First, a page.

Life Altering Incidents, Are You Prepared?
As we go about our daily lives, how often do we watch others experience sudden illnesses or incidents? This could be friends or distant relatives and we have compassion for their situations. But are you prepared if the worst happens to you or your immediate family? Experiencing a personal life altering illness or incident can affect you in many ways. A sudden diagnosis or accident could lead to months or years of medical treatment and can completely change a family’s resource pool. Could your family deal with the stress of such an event? Preparing for the worst is not something we think much about, but in many ways it has become more relevant in today’s society. So how do we do this? Open conversations with loved ones and living wills are a great place to start.
Living wills are very important to have in place if you are unable to communicate. This also relieves your family of making some very difficult decisions. Living wills provide your end of life wishes for physicians to follow in the event of a debilitating illness or event. Advance directives or medical power of attorney allows you to name a person to make health care decisions for you in the event you cannot do so for yourself. The Mayo Clinic states “advance directives guide choices for doctors and caregivers if you’re terminally ill, seriously injured, in a coma, in the late stages of dementia or near the end of life.” There are many misconceptions today that only seniors should have these in place, but that is wrong. Adults of any age should have these in place.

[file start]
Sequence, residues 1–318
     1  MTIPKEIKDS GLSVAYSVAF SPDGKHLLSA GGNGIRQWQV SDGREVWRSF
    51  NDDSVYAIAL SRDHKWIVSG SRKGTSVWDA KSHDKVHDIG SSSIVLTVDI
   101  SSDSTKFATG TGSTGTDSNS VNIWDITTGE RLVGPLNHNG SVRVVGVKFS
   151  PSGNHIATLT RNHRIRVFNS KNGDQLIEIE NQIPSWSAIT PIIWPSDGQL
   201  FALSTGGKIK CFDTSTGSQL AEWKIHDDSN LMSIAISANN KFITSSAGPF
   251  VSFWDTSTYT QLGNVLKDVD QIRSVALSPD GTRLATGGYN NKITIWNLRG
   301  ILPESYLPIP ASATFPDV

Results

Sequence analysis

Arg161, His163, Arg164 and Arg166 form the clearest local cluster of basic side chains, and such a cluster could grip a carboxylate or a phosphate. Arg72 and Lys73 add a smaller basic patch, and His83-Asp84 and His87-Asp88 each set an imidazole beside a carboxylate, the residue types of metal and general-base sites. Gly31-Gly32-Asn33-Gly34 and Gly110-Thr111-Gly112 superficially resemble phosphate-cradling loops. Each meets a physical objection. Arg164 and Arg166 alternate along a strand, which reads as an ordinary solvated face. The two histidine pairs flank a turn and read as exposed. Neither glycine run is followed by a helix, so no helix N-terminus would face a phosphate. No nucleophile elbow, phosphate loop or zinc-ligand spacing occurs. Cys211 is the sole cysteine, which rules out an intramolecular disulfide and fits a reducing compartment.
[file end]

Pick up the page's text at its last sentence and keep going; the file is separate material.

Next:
These are difficult conversations, but are well worth the time and effort. Only you know how you want your health care decisions to be handled and this relieves anyone else from making some tough and heart breaking decisions sometimes. Select someone you trust to follow your wishes and that is not afraid to question your care and advocate for you. If you have young children, it would be best to have these conversations not only with your spouse or significant other, but also with other friends and family that would be relied upon for care of those children in the event of illness or tragedy. Spend some time no matter your age, determining your health care wishes in many different scenarios. For instance, would you want lifelong care if you were not self-sufficient? Independence is very important to many and they do not wish to be a burden on others. There are many different levels of care you can opt into or out of. Things like palliative care (keeping you comfortable, but not providing any treatment), resuscitation if your heart stops and mechanical ventilation if you stop breathing on your own.
According to The Conversation Project, “90% of people report talking to their loved ones about end of life care is important but, only 27% actually have done so.” The Conversation Project has many resources to help you determine your wishes and how to convey those to others. This is a thorough, thought provoking guide that allows you to make your wishes known. Please think about starting a conversation soon.